On Monday, attorneys general in eleven states, including New York, New Jersey, Massachusetts, California, and Illinois, revealed that they are investigating several prominent fast food franchisors for their potential use of no-poaching or non-compete agreements restricting the ability of low wage workers to obtain a better-paying job with another franchise. To that end, these attorneys general have propounded document and information requests to these restaurants, returnable August 6, 2018.

In the Illinois AG’s press release, Attorney General Madigan stated that “No-poach agreements trap workers in low-wage jobs and limit their ability to seek promotion into higher-paying positions within the same chain of restaurants.” Madigan claims that at least 58 percent of major franchisors have no-poach provisions in their franchise agreements. This is not the first time that the Illinois AG has taken aim at non-compete agreements. Over two years ago, Madigan’s office sued sandwich chain Jimmy John’s for employing what it deemed “highly restrictive non-compete agreements,” ultimately reaching a $100,000 settlement with the franchisor. Ten months after Illinois passed the Freedom to Work Act, which prohibits private sector employers from requiring non-compete covenants of low-wage employees, defined as the greater of the applicable federal, state, or local minimum wage (currently $7.25 under federal law and $8.25 under Illinois state law) or $13 per hour, Madigan sued a national payday lender for requiring its employees, including workers who earn less than $13 an hour, to sign a non-compete agreement as a condition of employment.

Illinois is not the only state to pursue non-compete reform. Several other states recently have enacted legislation curbing the use of non-competes with respect to certain categories of workers, such as certified nurse practitioners and midwives (New Mexico) and workers in the broadcasting industry earning under a certain salary (Utah). Other states have proposed similar legislation. For example, New Hampshire bill SB 423 would ban non-compete agreements with “low-wage employees.” On the other end of the spectrum, Vermont House Bill 556 and Pennsylvania House Bill 1938 would ban all non-competes other than those formed in connection with the sale of an ownership interest in a business entity or the dissolution of a partnership or limited liability company. Even if these bills ultimately fail, they signal a rising trend of state-level restrictive covenant reform, which will likely gain momentum as state attorneys general step up enforcement in this area.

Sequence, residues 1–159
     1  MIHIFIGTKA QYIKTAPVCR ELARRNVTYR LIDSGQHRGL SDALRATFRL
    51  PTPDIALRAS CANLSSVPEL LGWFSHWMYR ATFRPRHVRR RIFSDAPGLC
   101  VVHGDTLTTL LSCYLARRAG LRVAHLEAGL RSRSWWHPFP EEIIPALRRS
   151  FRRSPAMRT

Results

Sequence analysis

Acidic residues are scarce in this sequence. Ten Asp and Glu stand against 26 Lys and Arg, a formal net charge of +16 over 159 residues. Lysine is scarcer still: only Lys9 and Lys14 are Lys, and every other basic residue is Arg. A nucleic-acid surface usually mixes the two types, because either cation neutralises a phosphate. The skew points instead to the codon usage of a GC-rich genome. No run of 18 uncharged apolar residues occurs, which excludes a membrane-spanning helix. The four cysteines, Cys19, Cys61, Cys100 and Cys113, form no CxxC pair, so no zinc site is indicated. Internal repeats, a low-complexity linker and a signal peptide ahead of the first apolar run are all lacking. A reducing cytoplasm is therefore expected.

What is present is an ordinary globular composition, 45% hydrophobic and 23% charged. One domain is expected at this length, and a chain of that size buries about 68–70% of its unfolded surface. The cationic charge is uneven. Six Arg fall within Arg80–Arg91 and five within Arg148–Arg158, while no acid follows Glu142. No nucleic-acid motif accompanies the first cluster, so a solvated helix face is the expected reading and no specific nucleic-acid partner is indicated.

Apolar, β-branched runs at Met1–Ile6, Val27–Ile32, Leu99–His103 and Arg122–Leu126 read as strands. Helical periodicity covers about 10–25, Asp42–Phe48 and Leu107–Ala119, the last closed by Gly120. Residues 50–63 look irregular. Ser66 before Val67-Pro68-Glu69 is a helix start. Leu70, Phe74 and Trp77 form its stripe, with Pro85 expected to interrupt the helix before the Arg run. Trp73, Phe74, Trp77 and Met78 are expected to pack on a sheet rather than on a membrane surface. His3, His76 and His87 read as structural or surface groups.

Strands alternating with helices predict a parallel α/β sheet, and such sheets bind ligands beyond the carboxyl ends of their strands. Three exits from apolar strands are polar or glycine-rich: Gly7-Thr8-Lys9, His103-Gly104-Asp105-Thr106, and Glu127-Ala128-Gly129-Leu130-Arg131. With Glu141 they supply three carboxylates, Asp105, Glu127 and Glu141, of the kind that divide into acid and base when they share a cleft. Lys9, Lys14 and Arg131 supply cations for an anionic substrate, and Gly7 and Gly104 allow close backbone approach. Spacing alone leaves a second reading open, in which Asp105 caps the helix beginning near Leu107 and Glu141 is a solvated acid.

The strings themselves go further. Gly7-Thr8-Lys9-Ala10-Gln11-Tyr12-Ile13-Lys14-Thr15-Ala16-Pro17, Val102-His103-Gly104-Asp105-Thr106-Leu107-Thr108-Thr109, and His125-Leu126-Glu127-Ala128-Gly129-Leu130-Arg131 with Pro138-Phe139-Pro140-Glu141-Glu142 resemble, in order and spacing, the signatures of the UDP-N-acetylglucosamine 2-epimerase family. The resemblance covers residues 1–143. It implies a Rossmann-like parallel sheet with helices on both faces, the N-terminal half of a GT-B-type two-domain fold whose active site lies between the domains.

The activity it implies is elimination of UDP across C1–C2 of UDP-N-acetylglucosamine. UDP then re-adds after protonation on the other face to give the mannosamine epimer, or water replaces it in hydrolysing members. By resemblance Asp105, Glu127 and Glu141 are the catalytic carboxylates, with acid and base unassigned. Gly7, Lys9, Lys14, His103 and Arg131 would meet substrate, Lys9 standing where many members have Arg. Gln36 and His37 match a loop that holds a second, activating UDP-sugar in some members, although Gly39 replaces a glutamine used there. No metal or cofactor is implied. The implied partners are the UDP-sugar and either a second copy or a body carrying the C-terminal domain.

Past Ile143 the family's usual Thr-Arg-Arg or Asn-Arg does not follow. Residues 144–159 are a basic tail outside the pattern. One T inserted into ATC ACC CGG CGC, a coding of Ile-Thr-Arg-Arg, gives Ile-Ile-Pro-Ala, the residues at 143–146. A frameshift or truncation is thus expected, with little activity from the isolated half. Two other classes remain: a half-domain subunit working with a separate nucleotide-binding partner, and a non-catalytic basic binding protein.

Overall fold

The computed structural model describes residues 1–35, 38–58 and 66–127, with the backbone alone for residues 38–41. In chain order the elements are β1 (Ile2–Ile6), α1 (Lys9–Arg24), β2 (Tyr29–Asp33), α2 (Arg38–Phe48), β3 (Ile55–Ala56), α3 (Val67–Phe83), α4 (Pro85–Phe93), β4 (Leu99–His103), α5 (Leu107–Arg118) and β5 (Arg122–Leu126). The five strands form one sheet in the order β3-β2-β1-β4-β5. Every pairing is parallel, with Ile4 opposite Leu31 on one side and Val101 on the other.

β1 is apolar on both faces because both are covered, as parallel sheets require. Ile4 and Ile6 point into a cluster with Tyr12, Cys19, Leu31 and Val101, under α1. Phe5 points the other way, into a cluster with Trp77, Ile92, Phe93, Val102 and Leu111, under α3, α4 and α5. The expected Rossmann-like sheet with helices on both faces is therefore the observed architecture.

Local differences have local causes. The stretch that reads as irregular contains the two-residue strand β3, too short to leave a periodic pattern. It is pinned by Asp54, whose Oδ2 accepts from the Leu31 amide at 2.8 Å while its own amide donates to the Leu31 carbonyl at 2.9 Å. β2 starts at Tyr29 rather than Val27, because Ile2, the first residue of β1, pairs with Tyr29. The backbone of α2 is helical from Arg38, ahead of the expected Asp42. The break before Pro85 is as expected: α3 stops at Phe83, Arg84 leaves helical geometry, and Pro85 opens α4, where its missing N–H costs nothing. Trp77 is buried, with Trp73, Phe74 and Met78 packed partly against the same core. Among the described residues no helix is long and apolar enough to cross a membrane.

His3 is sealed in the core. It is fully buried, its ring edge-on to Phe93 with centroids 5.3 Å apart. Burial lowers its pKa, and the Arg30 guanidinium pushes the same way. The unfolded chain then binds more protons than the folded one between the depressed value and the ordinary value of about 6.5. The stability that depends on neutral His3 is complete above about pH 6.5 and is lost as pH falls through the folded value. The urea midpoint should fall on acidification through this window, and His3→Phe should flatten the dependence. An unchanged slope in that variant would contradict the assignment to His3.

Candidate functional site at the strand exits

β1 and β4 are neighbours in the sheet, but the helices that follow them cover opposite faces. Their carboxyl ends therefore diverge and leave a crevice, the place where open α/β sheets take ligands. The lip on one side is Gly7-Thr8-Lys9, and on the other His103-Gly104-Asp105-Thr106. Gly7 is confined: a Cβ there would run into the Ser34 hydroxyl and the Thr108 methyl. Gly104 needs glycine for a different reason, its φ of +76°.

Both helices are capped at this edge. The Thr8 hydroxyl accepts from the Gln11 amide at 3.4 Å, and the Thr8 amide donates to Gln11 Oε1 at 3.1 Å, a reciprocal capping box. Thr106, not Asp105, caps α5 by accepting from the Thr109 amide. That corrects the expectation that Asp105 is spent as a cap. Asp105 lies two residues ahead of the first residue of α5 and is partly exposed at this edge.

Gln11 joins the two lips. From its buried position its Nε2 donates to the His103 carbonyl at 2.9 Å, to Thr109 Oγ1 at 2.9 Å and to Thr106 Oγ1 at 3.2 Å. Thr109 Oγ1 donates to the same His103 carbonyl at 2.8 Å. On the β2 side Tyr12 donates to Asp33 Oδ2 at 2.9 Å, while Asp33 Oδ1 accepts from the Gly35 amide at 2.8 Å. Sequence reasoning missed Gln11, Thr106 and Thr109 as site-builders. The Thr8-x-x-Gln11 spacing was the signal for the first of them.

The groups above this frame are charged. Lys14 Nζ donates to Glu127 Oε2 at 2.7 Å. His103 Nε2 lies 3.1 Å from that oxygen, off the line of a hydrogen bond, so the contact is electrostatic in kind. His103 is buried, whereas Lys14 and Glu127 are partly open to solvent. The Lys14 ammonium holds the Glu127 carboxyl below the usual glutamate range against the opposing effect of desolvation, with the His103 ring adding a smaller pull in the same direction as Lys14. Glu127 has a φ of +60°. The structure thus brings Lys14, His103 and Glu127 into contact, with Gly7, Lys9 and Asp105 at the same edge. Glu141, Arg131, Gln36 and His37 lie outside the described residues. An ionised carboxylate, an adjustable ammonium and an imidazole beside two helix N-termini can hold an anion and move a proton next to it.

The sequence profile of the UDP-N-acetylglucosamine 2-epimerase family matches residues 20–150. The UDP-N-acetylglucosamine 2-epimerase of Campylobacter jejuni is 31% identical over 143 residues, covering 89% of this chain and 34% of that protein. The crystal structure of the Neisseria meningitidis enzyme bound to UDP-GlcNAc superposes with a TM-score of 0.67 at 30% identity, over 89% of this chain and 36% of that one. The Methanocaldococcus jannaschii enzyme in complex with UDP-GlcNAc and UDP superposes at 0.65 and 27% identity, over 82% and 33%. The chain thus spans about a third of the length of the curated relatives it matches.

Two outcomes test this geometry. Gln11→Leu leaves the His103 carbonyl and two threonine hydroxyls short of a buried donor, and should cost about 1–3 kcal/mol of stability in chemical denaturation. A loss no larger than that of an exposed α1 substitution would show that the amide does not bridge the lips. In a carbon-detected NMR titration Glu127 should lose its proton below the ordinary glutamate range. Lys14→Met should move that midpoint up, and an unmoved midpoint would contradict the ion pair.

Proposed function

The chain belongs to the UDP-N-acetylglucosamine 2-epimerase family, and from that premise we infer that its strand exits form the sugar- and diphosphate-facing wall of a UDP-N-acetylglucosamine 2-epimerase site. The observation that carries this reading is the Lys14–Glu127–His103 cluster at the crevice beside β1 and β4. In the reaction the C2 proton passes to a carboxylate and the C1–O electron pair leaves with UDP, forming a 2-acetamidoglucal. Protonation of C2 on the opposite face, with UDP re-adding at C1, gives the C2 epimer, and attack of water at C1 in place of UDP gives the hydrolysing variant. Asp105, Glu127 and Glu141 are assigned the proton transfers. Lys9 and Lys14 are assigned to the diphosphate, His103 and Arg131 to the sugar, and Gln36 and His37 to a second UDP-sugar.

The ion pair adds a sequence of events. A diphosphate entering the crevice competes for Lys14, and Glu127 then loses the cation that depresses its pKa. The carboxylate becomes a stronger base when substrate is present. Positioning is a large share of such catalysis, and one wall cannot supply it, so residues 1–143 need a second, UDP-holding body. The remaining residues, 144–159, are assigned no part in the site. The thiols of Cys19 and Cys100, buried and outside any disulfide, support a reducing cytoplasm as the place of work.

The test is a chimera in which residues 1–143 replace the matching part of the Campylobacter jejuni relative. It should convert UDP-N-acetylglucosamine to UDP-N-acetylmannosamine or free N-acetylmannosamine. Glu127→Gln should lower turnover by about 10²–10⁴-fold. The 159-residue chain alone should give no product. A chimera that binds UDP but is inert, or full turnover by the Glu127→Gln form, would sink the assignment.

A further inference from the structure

Several states in recent years have enacted laws that have been designed, in varying degrees, to limit non-competes, including California, Illinois, and Nevada. Which states and cities are most likely to do the same in 2018?

The New Hampshire and New York City legislatures have introduced bills that seek to prohibit the use of non-compete agreements with regard to low-wage employees. Under New Hampshire’s Bill (SB 423), a “low-wage employee” is defined as one who earns $15.00 per hour or less.  The New Hampshire Bill was introduced on January 24, 2018 and is scheduled for a hearing in February.  Under New York City’s bill (Introduction 1663), a “low-wage employee” means all employees except for manual workers, railroad workers, commission salesmen, and workers employed in a bona fide executive, administrative, or professional capacity whose earnings are in excess of $900 dollars a week. In addition, the New York City Bill would prohibit employers from “requir[ing] a potential employee who is not a low-wage worker to enter into a covenant not to compete, unless, at the beginning of the process for hiring [the employee], [the] employer disclos[es] in writing that [the employee] may be subject to such a covenant.”  The New York City Bill was introduced by the City Council on July 20, 2017 and filed on December 31, 2017.